“At Ford, we believe we have an obligation to our customers to bring them along step-by-step, if a fully autonomous vehicle is ever going to be a safe alternative that is welcome and widely accepted,” he added.

Rupp and other Ford researchers have been studying and making significant advances in technologies such as radar, sensing, and detection, which are critical for autonomous vehicle applications, for decades. Ford, in fact, launched the world’s first-to-market radar-based adaptive cruise control system with braking for an automobile in 1999 on the Jaguar XKR after seven years of extensive controls development and testing. The following year, Ford introduced Electronic Stability Control (ESC), with ESC with Roll Stability Control launching soon after.

By 2001, Ford created a separate Active Safety engineering team to focus specifically on the rapid development and long-term potential of driver support, accident avoidance and autonomous driver systems. As a result, other available semiautonomous technologies soon followed for Ford products, including Lane Departure Warning, Blind Spot Information System with Cross-Traffic Alert, Collision Warning with Brake Support, and Active Park Assist. All of these act as a springboard to a more autonomous vehicle experience.

“Knowing our customer base, Ford’s position is that what consumers really want is not a driverless car, but rather a car that can drive itself with manual assistance when needed,” said Rupp. “You, the driver, are still managing the overall process, akin to the captain of a ship or autopilot, but you are not necessarily locked into the moment-to-moment tasks of driving.”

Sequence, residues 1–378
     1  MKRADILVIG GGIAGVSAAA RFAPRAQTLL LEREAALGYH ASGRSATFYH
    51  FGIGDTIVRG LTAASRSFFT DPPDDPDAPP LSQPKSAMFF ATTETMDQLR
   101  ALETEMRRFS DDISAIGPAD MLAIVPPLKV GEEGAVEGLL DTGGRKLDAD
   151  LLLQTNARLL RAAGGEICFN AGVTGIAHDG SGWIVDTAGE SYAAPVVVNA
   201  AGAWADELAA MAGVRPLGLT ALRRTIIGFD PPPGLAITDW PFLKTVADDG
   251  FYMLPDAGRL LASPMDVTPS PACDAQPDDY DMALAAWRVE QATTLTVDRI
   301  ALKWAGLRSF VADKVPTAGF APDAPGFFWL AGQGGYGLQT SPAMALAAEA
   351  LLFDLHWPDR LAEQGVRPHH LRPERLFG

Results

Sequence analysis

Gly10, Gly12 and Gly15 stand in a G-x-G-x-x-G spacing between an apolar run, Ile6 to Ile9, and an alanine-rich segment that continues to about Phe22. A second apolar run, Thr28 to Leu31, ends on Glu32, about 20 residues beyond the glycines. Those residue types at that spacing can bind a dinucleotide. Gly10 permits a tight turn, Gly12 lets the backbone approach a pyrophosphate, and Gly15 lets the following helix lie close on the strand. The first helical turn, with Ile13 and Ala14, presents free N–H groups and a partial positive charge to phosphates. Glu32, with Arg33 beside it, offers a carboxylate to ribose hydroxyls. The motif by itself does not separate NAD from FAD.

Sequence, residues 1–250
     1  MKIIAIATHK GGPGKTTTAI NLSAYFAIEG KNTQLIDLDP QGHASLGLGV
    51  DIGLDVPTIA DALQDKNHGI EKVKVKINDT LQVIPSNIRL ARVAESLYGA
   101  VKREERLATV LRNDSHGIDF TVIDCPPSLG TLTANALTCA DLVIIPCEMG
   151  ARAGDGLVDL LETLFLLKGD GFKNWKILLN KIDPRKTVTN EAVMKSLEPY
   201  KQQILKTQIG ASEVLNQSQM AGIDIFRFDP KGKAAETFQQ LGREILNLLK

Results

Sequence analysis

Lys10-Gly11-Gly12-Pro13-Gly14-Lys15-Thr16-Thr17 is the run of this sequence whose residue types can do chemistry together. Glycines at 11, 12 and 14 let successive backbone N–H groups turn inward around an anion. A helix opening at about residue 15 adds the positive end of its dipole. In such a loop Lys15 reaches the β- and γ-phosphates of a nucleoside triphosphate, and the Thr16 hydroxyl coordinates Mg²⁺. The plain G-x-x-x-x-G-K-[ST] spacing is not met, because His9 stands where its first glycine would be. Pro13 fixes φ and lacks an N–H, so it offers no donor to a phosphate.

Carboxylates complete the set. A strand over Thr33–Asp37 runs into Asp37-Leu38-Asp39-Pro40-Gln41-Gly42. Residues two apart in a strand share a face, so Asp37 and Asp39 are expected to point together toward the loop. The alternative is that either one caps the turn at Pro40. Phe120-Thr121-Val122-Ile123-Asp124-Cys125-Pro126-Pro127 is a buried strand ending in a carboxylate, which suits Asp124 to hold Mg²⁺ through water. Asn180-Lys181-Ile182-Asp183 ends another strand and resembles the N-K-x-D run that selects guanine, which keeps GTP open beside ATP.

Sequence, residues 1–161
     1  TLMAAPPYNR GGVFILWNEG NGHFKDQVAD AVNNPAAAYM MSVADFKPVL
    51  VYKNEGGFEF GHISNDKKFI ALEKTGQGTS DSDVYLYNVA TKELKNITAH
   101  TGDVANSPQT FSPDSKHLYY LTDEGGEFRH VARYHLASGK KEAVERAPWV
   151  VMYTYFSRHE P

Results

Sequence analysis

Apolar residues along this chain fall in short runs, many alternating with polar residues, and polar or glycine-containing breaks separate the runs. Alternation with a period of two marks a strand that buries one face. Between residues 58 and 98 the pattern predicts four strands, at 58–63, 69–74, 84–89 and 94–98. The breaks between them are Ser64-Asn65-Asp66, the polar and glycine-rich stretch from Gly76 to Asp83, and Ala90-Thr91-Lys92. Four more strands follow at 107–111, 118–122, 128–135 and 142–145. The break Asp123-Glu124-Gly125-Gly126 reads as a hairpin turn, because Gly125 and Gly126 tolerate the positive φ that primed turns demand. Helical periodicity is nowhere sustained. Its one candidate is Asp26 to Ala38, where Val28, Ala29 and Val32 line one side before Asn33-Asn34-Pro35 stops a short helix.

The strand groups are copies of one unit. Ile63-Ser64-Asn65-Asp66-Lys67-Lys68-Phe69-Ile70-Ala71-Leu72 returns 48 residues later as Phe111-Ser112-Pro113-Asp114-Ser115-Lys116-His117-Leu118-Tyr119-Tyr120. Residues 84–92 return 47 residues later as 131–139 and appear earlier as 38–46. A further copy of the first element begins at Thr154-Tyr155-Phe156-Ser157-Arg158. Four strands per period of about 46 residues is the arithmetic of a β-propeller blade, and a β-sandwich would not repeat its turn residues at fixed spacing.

An active participant in the Defense Advanced Research Projects Agency (DARPA)-controlled autonomous vehicle challenges in 2004, 2005 and 2007, Ford continues to carefully test out related driver-assist and vehicle-to-vehicle communication technologies with research vehicles today. In addition, Ford has collected thousands of miles of road data through its Mother of All Road Trips (MOART), a 25-state, 60,000-mile data collection project designed to help engineers fine-tune driver-assist system algorithms to prevent false alerts.

Although lessons learned from DARPA, MOART and other on-site experiments are being translated for yet-to-be-announced near-term vehicle features, the Ford engineering team still agrees that driverless-car technology is not yet ready for real-world applications and that, more importantly, consumers are not yet ready to totally give up control of their mobility.

Building on this premise, Ford is painstakingly examining the more consumer-driven aspects of creating an autonomous vehicle environment, including outlining those tasks automotive consumers wish were more efficient; what can be done to improve the human-machine user interface for more accurate situational awareness support; and how to make the transition from being the “driver” of the car to becoming the “operator” of the car seamless, safe and comfortable for the customer.

“We need to take the time to understand true consumer values, and then work together with multiple industry partners to engineer the technology and infrastructure for a safe, secure driving experience; one that inspires consumer confidence,” said Rupp.